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Bucknell investigating ‘horrific’ harassment of LGBTQ students

Officials at Bucknell University have ordered an investigation into what they described as a “horrific” episode of harassment targeting residents at a house for LGBTQ students on its campus in Lewisburg, Pennsylvania, last week.

In a letter to students, the university said a group of men “harassed and intimidated” residents of Fran’s House, an affinity house for LGBTQ students, and tried to break into the building Thursday night. In interviews, residents said they were terrified and traumatized by the episode.

“It is clear from multiple accounts that the students violated the physical space and, far more importantly, the residents’ sense of place and security,” the university’s president, its provost and an associate provost wrote in the letter, dated Friday. “We cannot erase the ugliness and subsequent trauma of last night’s transgression against the students of Fran’s House and, implicitly, many others, but we can commit to addressing it in a way that protects LGBTQ Bucknellians.”

Tyler Luong, a junior who is a resident assistant, said he was in his room at Fran’s House studying for a final exam when someone texted a house group chat thread warning residents to lock their windows and doors. He rushed to an upstairs bathroom where, he said, residents who had crowded inside were holding a window closed as people on the other side tried to pry it open from the roof while yelling “Let us in.”

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Someone saw a man urinating on the front porch. Others banged on a metal flagpole outside and pounded on the front door, screaming “Let us in, this is our house,” a witness said. One student said that about eight people climbed to the roof.

Luong called the university’s public safety department, but by the time its officers responded, all but four of the 15 to 20 people who he estimated had initially tried to enter the house had fled. The officers did not speak to him or other residents, he said, and instead spoke with the remaining intruders, “shaking hands with them, reminiscing about what it felt like to be a handsome young man with hair in college.”

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“You know, it was kind of ridiculous,” he said.

The department referred a request for comment to the university’s communications division. A university spokesman declined to comment Sunday, citing the investigation.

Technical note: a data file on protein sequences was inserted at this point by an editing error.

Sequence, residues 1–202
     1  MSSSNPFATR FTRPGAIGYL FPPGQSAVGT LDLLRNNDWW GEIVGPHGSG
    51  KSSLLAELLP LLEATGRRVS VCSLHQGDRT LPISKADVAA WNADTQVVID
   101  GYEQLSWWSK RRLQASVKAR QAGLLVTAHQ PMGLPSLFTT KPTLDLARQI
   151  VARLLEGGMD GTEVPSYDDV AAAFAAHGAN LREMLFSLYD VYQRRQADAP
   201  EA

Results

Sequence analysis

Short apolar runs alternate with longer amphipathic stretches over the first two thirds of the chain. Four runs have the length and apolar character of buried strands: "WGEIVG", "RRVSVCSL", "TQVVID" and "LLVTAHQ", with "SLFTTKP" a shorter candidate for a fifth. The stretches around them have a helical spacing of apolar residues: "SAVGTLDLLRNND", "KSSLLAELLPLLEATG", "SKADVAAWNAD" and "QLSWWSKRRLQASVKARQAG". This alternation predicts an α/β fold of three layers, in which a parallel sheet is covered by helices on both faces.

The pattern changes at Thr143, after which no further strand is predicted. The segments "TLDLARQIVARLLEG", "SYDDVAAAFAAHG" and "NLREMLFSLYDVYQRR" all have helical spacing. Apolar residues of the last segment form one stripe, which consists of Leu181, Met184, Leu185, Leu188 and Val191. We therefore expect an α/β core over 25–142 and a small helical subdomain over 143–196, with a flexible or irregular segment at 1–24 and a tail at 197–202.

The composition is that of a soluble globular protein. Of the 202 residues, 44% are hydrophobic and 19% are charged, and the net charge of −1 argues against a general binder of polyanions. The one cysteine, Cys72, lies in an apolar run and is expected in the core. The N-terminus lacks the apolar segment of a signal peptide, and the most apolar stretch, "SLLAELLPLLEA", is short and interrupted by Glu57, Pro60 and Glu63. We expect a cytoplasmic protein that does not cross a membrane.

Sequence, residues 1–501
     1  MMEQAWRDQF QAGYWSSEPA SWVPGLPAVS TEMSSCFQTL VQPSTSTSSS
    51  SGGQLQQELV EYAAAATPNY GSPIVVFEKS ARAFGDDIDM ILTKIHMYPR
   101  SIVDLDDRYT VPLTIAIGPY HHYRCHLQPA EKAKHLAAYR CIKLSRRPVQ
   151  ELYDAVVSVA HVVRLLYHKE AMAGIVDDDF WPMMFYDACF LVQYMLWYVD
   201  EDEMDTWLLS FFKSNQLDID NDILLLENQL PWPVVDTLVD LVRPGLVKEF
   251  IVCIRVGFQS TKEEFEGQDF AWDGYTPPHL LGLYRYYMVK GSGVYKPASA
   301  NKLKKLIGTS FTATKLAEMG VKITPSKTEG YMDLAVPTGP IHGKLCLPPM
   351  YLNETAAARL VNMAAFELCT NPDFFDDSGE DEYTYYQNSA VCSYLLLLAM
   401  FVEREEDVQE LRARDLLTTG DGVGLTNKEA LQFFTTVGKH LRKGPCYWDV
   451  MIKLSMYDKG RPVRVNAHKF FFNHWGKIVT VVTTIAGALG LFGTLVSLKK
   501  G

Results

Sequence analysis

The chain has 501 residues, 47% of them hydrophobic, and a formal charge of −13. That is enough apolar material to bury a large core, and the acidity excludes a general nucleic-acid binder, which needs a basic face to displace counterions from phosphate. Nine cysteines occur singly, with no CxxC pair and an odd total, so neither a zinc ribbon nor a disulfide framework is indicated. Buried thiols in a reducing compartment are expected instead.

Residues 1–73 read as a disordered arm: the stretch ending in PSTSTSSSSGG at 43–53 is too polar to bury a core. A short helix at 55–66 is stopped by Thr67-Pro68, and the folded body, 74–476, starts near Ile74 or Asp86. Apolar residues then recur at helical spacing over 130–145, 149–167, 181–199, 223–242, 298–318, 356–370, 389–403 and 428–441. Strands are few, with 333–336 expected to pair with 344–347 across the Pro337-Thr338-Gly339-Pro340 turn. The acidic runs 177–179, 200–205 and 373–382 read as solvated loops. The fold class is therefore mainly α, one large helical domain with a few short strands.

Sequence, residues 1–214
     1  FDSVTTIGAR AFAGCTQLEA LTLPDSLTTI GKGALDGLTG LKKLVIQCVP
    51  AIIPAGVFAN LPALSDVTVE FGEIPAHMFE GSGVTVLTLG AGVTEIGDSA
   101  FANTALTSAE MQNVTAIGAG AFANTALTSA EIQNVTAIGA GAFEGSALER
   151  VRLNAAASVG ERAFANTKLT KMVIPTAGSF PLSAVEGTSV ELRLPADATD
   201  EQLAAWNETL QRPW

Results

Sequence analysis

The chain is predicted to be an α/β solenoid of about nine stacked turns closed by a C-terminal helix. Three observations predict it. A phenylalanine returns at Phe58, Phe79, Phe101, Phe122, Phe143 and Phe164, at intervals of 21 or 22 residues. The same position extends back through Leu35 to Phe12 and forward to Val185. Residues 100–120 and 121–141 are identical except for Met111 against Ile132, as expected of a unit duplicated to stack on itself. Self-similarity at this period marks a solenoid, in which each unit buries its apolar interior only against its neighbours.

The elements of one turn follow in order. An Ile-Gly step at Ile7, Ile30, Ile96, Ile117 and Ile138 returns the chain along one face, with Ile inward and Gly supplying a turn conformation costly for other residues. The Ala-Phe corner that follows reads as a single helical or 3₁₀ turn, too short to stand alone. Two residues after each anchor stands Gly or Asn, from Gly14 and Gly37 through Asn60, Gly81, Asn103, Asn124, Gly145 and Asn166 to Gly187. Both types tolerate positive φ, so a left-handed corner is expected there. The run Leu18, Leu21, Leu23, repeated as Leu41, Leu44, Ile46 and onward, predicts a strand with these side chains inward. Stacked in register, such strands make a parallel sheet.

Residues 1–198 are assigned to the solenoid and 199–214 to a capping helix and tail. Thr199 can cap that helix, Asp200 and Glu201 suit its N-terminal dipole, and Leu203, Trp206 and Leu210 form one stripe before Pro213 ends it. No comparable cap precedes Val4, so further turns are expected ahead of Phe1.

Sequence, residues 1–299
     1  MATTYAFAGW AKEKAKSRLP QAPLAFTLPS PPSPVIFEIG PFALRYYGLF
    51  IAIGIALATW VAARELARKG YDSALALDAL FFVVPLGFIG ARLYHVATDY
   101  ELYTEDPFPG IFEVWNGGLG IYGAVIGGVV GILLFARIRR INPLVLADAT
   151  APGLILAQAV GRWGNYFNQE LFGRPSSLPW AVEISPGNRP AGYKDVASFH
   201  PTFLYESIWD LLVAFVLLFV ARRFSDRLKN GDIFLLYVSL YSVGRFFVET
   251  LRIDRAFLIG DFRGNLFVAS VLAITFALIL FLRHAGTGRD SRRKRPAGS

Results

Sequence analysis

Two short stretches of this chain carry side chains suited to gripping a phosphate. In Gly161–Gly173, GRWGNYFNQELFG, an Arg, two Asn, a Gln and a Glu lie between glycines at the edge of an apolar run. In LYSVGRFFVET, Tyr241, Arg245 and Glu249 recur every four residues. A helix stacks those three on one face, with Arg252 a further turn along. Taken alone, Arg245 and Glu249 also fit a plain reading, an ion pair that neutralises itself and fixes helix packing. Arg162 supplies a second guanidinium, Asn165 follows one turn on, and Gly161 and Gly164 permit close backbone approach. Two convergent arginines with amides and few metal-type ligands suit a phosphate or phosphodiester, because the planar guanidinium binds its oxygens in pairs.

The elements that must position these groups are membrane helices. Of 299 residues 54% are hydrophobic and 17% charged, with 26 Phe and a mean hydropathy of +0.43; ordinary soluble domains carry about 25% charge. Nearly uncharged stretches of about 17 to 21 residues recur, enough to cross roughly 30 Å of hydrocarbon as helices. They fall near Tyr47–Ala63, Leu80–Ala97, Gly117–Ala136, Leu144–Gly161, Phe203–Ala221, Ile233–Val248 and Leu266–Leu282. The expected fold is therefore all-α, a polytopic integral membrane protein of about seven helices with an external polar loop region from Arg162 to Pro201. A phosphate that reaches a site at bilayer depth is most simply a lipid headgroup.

In their letter to students, the administrators said that the public safety department’s response “was lacking in myriad ways” and that the university had hired a firm to investigate and “implement corrective and disciplinary measures as appropriate.” The university, they said, had also hired a firm to investigate the harassment allegations raised by residents of Fran’s House.

Luong said that many residents slept in their friends’ rooms Thursday night, terrified that the intruders would return. He added that he slept with a sharp object under his bed that first night.

Carolyn Campbell, a junior who is an affinity leader of Fran’s House, said she and her housemates were “very much still shaken up and processing” the episode.

“This was especially traumatic for a lot of us to deal with,” she said, “because we never thought that something, like, so overtly horrible could happen to the house like this to strip away the sense of safety.”

Until two years ago, the Fran’s House building, also known as Tower House, was home to Bucknell’s chapter of the Tau Kappa Epsilon fraternity. The university banned the fraternity for hazing violations that included underage drinking, the use of dog shock collars on members, the throwing of darts at members and other activities “creating a reasonable likelihood of bodily injury.”

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The Fran’s House residents who witnessed and reported the harassment Thursday said they recognized the instigators as seniors who were part of the now-banned fraternity.

The Bucknell community quickly rallied in support of Fran’s House, the students said. One professor organized people to stand guard outside the house in shifts from 5 p.m. to 3 a.m. in the days after the episode. A sorority organized a march against toxic masculinity.

“Knowing the breadth of support, I hope, will hasten the return of safety for the residents of Fran’s House — but time to heal and feel safe in their home will be needed,” Bucknell’s office of LGBTQ resources said on Instagram.

In a letter to the Bucknell community, Fran’s House residents thanked students, staff members and alumni for the support they had shown, and asked that Tower House be made the permanent home for Fran’s House and LGBTQ students on Bucknell’s campus.

“Never again” the letter said, “should someone feel entitled to come to our home and say it’s ‘their house and not ours.’”